Betsy DeVos: Trump’s actions on Jan. 6 were ‘line in the sand’ that led to resignation
Former Education secretary, in an exclusive interview, spoke for the first time publicly about her decision to resign the day after the attack on the U.S. Capitol.
Former Education Secretary Betsy DeVos says she watched with horror as the events of Jan. 6, 2021, unfolded at the nation’s Capitol. She could no longer stand by the president, whom she believed was culpable in the violence that day through his actions – and inaction.
And so the next day she submitted her resignation letter to then-President Donald Trump. In an exclusive interview ahead of the release of her upcoming book, the Michigan billionaire and major Republican Party donor told me she hasn’t had any contact with Trump since.
This is the first time DeVos has spoken publicly about what led to her decision to resign, and what transpired in the final weeks of the presidency. She blames Trump’s inability to accept the results of the 2020 election for blocking what she saw as her best chance to get a major piece of her school choice agenda through Congress.
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In "Hostages No More: The Fight for Education Freedom and the Future of the American Child," DeVos writes: “To me, there was a line in the sand. It wasn’t about the election results. It was about the values and image of the United States. It was about public service rising above self. The president had lost sight of that.”
'It was not defensible in any way'
Many Americans will revisit Jan. 6 this week, with the U.S. House select committee investigating the riot scheduled to hold its first public hearing Thursday during prime time.
DeVos was one of the first prominent members of the Trump administration to resign after the riot. Transportation Secretary Elaine Chao announced her resignation just hours before DeVos.
While DeVos stops short of putting blame directly on Trump for instigating the storming of the Capitol, she thinks the president could have – and should have – done much more to stop the mob.
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“I went to Washington to do a job on behalf of the American people and particularly for students, and a lot of what happened after the (2020) election sort of put roadblocks in the way of doing any major additional work, so I really felt that everything I could accomplish in office had been accomplished based on that reality and that dynamic,” DeVos told me. “And then when I saw what was happening on Jan. 6 and didn’t see the president step in and do what he could have done to turn it back or slow it down or really address the situation, it was just obvious to me that I couldn’t continue.
“I was thinking about the kids I was there to represent, and what they are seeing and what they are taking away from this – it was not defensible in any way.”
Invoking 25th Amendment?
DeVos says she was shocked when Trump turned on his loyal Vice President Mike Pence, who was committed to his duty of certifying the presidential election.
This was a major reason that before resigning, DeVos first wanted to know whether invoking the 25th Amendment to remove Trump was a viable option. On Jan. 7, she spoke with other Cabinet members to gauge their thoughts – and she also talked to Pence, who would have to be on board to remove the president.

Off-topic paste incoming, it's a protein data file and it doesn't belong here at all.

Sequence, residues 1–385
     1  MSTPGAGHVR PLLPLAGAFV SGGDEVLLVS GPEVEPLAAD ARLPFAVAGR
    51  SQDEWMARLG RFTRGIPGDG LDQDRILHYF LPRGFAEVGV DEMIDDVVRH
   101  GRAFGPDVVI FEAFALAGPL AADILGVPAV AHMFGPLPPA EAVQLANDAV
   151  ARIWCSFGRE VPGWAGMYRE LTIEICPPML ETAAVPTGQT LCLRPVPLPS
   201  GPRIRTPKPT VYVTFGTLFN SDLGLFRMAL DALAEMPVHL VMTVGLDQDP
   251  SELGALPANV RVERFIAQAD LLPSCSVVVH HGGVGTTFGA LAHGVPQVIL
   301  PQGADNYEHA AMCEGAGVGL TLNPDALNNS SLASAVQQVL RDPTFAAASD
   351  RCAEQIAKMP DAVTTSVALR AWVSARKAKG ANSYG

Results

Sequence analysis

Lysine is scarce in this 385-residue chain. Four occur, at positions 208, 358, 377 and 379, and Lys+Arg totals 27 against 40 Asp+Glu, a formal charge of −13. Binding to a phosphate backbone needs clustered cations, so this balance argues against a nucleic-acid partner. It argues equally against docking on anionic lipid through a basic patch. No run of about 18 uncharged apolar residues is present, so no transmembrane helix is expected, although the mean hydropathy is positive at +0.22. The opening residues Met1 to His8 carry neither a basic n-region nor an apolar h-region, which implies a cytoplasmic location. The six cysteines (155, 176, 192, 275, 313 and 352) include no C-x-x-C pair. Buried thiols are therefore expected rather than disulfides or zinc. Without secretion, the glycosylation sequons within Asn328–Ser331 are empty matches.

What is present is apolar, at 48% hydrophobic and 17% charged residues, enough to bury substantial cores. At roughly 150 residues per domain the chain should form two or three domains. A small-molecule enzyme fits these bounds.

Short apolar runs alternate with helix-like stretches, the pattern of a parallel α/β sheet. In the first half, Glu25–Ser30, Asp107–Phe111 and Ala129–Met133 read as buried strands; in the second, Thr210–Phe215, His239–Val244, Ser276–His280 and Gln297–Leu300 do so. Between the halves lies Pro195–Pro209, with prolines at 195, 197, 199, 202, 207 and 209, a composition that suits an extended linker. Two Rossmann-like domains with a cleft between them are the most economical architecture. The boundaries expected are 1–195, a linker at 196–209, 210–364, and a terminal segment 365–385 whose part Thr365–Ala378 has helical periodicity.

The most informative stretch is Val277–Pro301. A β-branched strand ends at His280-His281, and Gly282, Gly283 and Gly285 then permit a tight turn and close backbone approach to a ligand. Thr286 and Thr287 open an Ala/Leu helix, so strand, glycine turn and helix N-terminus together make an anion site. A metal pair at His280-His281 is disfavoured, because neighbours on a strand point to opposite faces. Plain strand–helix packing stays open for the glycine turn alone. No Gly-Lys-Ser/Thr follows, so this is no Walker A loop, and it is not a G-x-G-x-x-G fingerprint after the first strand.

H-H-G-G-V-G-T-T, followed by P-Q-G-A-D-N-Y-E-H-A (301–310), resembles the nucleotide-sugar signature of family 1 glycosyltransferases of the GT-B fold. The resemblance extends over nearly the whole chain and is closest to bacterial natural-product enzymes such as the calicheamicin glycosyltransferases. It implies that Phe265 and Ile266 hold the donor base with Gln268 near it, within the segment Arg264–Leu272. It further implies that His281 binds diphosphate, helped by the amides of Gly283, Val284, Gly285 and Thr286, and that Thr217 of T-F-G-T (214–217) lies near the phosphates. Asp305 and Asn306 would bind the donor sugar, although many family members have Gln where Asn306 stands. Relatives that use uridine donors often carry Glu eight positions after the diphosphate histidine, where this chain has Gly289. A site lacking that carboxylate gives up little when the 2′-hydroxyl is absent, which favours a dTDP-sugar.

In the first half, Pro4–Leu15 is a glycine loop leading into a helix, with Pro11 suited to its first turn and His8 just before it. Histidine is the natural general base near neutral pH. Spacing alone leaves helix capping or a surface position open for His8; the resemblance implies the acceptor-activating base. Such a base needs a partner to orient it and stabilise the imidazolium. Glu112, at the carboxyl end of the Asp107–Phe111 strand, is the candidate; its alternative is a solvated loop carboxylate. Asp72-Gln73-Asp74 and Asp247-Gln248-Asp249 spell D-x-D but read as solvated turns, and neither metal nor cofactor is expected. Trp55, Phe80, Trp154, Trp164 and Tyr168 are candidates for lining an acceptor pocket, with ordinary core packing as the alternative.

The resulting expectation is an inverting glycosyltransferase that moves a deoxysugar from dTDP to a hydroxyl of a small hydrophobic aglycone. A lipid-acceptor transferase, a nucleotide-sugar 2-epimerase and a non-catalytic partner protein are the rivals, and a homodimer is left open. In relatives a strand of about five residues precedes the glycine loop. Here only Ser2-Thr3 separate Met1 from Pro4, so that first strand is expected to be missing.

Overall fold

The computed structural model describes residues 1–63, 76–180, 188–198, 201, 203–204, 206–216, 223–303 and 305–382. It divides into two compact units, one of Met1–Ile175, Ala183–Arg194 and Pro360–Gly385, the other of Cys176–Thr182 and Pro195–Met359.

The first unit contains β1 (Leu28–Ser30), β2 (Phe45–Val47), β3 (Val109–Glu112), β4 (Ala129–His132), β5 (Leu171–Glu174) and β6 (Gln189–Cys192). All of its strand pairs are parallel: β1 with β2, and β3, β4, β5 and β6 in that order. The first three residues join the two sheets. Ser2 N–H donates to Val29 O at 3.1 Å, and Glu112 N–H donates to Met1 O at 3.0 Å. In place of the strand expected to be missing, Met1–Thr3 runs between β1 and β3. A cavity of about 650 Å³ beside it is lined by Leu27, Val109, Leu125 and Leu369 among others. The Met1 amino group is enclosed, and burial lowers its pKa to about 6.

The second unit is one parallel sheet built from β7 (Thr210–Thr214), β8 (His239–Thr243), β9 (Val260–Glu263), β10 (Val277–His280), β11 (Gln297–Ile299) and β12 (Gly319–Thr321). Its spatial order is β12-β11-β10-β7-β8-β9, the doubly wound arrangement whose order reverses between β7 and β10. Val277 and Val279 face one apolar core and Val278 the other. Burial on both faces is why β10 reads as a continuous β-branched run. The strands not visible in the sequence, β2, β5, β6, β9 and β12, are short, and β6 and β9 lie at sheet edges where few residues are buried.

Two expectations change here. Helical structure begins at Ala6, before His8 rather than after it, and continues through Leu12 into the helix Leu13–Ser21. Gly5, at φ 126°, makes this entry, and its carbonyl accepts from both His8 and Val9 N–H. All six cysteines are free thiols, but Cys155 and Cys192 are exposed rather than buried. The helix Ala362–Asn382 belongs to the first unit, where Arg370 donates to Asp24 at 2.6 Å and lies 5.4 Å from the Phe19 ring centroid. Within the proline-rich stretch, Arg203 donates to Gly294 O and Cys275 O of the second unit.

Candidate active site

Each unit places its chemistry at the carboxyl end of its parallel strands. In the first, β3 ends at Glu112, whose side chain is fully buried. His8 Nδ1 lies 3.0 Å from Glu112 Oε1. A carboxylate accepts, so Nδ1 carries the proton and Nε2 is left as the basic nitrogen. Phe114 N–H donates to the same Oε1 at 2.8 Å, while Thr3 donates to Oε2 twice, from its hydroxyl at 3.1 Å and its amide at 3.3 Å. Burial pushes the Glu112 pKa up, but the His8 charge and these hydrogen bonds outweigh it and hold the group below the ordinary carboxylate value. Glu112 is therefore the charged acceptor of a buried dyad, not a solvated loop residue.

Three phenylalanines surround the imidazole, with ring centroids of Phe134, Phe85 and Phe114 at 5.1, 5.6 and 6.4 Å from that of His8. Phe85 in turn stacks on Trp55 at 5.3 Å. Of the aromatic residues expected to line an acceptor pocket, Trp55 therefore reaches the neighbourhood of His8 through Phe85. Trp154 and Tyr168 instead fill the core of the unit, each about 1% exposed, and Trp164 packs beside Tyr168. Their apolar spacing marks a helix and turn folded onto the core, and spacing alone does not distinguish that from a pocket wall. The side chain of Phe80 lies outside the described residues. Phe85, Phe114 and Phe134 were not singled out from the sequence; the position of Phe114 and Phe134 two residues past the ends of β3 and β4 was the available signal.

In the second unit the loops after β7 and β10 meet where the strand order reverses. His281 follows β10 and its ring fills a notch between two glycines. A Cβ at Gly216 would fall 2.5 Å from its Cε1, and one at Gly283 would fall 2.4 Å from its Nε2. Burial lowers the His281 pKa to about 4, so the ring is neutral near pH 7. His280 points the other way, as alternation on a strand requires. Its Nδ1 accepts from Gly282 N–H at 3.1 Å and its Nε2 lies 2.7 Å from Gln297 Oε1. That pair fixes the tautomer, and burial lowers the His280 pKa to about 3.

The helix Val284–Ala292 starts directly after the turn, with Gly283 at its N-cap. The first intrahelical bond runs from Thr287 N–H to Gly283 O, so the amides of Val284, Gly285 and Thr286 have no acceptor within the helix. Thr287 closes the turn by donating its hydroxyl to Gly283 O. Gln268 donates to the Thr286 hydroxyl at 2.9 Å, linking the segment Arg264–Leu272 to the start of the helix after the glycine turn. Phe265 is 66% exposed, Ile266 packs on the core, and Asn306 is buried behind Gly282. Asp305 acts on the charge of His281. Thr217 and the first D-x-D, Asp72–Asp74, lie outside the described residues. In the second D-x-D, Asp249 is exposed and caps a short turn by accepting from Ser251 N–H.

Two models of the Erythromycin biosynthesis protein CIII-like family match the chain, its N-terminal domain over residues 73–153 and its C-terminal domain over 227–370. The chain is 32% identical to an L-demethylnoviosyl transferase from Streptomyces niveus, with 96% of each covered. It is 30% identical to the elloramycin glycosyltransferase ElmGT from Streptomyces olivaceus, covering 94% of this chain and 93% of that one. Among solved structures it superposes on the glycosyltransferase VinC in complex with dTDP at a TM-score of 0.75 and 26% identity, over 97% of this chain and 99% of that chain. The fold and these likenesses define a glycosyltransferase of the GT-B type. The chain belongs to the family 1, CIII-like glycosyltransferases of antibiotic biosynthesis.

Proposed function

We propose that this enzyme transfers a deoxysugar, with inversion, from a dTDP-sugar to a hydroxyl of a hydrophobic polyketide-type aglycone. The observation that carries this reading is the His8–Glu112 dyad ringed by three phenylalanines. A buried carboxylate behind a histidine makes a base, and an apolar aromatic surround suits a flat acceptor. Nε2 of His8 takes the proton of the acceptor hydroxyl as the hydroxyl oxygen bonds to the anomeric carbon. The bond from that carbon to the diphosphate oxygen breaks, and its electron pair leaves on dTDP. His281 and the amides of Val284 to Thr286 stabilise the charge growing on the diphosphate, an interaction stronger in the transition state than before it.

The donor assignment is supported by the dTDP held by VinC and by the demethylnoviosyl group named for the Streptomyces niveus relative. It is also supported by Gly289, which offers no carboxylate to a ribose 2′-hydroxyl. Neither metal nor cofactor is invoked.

“I spoke with the vice president and just let him know I was there to do whatever he wanted and needed me to do or help with, and he made it very clear that he was not going to go in that direction or that path,” DeVos says. “I spoke with colleagues. I wanted to get a better understanding of the law itself and see if it was applicable in this case. There were more than a few people who had those conversations internally.”
Once she understood removing the president was pretty much impossible, DeVos resigned later that day.
Staying the course for students
Until everything culminated that Jan. 6, DeVos had thought staying the course was worth it, even in light of the president’s increasingly erratic behavior after the election. Anyone who knows DeVos understands that advocating for school choice is what she’s most passionate about, and she didn’t want to leave office until she had done everything in her power to help create a federal tax credit program to encourage states to fashion scholarships – and more choice – for students.
DeVos says that toward the end of 2020, there had been a growing bipartisan consensus in Congress around school choice given the pandemic's negative effects on schools. And she thought there was a good chance that the School Choice Now proposal would be attached to the second major COVID-19 relief bill.
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It soon became clear, however, that she had lost Trump’s support and attention in light of his obsession with the election results.
“It was increasingly obvious the president’s mind was elsewhere,” DeVos says. “Most of the staff in the White House was trying to respond and react and deal with that, and it became more and more difficult to do anything positive or advance anything positive. I went there to serve the American people, and I felt I had to see this through and do everything I could to ensure that my job was done to the best of my ability. But it became increasingly untenable. And obviously the events of Jan. 6 put an exclamation point on that.”
Despite the chaos at the end, DeVos says she has no regrets about taking the job. And even if she wasn’t able to get the school choice legislation through Congress, she points to other accomplishments during her tenure and believes she started a conversation that’s still resonating around the country.
“I went there to serve kids, I went there to serve the American people – not an individual,” she says.